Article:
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Best Practices from Oracle Development's A‑Team

  • November 27, 2019

Three patterns for integrating .NET apps with Oracle Spatial & Graph Semantic Database

Michael Sullivan
Principal Cloud Solutions Architect

Just a quick blog post on how to integrate your .NET application with an Oracle Semantic RDF backend.

The key thing to understand is that, much like other database vendors, Oracle’s implementation of SPARQL/RDF requires a plugin. The out-of-the-box plugin supplied with all of the latest versions of Oracle database is an Oracle-specific implementation of the Apache JENA adapter**. The purpose of the JENA adapter is to convert SPARQL queries into native SQL. As such, if you wish to integrate using traditional coding patterns, Oracle assumes you will be running Java.

But that doesn’t mean that it is impossible to do a relatively clean integration using .NET. Au contraire. SPARQL by its very nature was designed to with HTML get and puts in mind. As such, the obvious integration between .NET and Oracle would be to leverage that feature of the WC3 specification.

We herein present three patterns for doing such an integration. There are obviously other patterns (not the least of which would be to write a custom .NET adapter), but these three appear to be the most likely to be implemented quickly and easily. Please be aware that Visual Studio already has native SQL integrations with Oracle database, therefore certain bits of the .NET to Oracle RDF integration are already in place (specifically, the ability to directly query the datastore in SQL for maintenance, logging, testing, and analytics).

Note: the primary assumption we are making in this post is that the Oracle database will be provisioned on Oracle Cloud Infrastructure (a.k.a. OCI).

 

#1. Pure OCI solution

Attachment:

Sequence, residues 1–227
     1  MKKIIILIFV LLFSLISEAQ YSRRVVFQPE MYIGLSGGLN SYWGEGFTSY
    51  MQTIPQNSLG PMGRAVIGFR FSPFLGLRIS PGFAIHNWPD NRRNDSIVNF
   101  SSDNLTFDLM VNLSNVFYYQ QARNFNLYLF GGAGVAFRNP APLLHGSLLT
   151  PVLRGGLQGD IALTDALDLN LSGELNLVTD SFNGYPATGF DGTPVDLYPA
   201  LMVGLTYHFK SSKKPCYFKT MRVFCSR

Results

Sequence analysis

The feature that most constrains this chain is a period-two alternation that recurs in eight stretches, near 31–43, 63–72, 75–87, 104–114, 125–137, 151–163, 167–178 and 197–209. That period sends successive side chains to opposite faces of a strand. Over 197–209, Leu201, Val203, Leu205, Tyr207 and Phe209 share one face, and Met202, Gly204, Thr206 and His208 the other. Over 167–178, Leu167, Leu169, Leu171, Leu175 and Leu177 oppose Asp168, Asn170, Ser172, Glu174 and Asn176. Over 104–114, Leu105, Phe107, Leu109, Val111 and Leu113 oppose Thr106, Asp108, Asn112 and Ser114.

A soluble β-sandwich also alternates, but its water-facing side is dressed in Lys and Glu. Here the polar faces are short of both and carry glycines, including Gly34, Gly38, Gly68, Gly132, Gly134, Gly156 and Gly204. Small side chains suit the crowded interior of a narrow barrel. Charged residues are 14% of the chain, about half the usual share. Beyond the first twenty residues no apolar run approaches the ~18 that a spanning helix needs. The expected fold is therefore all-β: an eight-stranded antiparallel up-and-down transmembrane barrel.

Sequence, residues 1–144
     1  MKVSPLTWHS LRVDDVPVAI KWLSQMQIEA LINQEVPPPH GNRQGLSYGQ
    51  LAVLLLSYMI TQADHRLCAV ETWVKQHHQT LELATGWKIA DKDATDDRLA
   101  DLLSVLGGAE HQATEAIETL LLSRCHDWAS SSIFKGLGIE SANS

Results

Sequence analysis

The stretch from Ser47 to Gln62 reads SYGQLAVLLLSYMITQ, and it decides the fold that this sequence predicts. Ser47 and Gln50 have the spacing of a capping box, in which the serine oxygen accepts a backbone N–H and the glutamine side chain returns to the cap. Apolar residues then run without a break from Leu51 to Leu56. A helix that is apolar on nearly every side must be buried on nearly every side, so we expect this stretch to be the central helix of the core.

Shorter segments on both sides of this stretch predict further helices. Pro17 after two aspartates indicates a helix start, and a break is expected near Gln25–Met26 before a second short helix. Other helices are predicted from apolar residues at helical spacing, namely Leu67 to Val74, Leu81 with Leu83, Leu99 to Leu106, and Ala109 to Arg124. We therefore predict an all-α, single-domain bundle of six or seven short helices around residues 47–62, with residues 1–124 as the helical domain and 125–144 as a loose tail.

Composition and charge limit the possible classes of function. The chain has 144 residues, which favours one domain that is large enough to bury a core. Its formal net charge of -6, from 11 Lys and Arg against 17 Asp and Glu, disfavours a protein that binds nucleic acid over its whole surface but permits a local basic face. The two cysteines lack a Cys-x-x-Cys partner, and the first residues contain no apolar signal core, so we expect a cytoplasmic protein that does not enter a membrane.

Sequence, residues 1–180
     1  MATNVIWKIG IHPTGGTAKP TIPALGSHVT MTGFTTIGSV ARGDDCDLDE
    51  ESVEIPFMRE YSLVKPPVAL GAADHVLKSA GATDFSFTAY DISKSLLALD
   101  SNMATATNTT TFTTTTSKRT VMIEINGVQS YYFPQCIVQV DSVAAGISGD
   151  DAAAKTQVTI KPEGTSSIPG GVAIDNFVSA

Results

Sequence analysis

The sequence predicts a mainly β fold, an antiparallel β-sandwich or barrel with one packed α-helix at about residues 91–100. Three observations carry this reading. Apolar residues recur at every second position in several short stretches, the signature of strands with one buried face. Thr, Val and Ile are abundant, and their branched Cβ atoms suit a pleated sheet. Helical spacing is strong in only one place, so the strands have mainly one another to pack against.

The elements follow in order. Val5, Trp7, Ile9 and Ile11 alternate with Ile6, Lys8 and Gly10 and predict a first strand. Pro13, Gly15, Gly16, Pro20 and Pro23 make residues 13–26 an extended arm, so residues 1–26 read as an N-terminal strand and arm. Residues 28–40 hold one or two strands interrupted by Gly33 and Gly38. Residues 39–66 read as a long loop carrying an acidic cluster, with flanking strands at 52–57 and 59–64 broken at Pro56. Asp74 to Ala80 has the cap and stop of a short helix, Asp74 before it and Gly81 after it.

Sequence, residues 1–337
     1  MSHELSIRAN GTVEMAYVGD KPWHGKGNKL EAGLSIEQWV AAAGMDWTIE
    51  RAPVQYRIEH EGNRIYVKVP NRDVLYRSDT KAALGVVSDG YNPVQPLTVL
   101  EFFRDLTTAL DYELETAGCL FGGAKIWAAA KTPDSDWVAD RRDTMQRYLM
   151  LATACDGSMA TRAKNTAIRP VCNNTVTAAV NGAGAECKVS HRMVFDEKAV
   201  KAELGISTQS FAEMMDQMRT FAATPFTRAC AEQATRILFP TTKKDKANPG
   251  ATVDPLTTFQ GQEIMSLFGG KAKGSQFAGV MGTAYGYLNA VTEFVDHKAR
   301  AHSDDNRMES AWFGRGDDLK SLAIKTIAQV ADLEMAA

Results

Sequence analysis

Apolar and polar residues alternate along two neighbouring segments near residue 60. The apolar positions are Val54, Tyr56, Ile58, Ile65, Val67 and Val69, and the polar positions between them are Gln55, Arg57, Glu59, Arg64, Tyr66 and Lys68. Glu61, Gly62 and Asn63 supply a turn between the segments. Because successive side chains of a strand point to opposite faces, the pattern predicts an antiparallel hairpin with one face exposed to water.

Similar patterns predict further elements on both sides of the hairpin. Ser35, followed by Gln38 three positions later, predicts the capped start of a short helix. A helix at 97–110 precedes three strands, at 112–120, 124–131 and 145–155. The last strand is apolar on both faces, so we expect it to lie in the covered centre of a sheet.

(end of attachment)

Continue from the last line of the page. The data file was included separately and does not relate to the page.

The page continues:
This pattern should be obvious: host everything on OCI. You would start with provisioning an Oracle Database instance (either on compute, or DBaaS, or Autonomous), provision a compute instance for hosting TomCat and installing the JENA plugin there, and then finally provisioning another compute for one of the various the Windows Server images.  

#2. Cross-cloud solution

This pattern would be considered by those clients who have a big investment in Azure but want their Oracle database to perform at its best. First, you would start with provisioning an Oracle Database instance (either on compute, or DBaaS, or Autonomous), provision a compute instance for hosting TomCat and installing the JENA plugin there, and then finally connect your Azure ExpressRoute circuit to a corresponding Oracle FastConnect circuit. It goes without saying that both data centers will need to be in the same region.   

#3. Hybrid on-prem/cloud solution

This pattern would be considered by those clients who have requirements for maintaining their on-prem architecture but want their Oracle database to perform at its best. It is similar to #2 mentioned above except that Azure is not involved. First, you would start with provisioning an Oracle Database instance (either on compute, or DBaaS, or Autonomous), provision a compute instance for hosting TomCat and installing the JENA plugin there, and then finally connect your customer-premises equipment to a corresponding Oracle FastConnect circuit.  

 

** the A-Team will soon open-source an Oracle-specific version of the Eclipse RDF4J adapter which should allow legacy applications with a SAIL/Sesame dependency to finally be able to integrate with Oracle’s enterprise-level implementation of RDF. 

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